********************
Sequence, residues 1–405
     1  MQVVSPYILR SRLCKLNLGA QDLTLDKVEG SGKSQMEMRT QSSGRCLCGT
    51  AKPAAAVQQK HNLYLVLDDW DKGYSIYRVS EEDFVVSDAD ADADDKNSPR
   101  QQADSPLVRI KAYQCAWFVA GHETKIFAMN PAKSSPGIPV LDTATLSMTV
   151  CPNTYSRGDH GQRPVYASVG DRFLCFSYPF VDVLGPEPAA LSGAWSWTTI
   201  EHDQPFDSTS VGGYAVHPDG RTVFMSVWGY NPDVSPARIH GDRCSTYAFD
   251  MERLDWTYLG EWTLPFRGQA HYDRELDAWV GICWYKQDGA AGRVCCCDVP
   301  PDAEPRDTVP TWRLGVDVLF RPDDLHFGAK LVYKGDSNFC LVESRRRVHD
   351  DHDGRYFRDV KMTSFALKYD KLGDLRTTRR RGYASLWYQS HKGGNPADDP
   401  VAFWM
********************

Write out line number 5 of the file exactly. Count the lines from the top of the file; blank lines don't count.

   151  CPNTYSRGDH GQRPVYASVG DRFLCFSYPF VDVLGPEPAA LSGAWSWTTI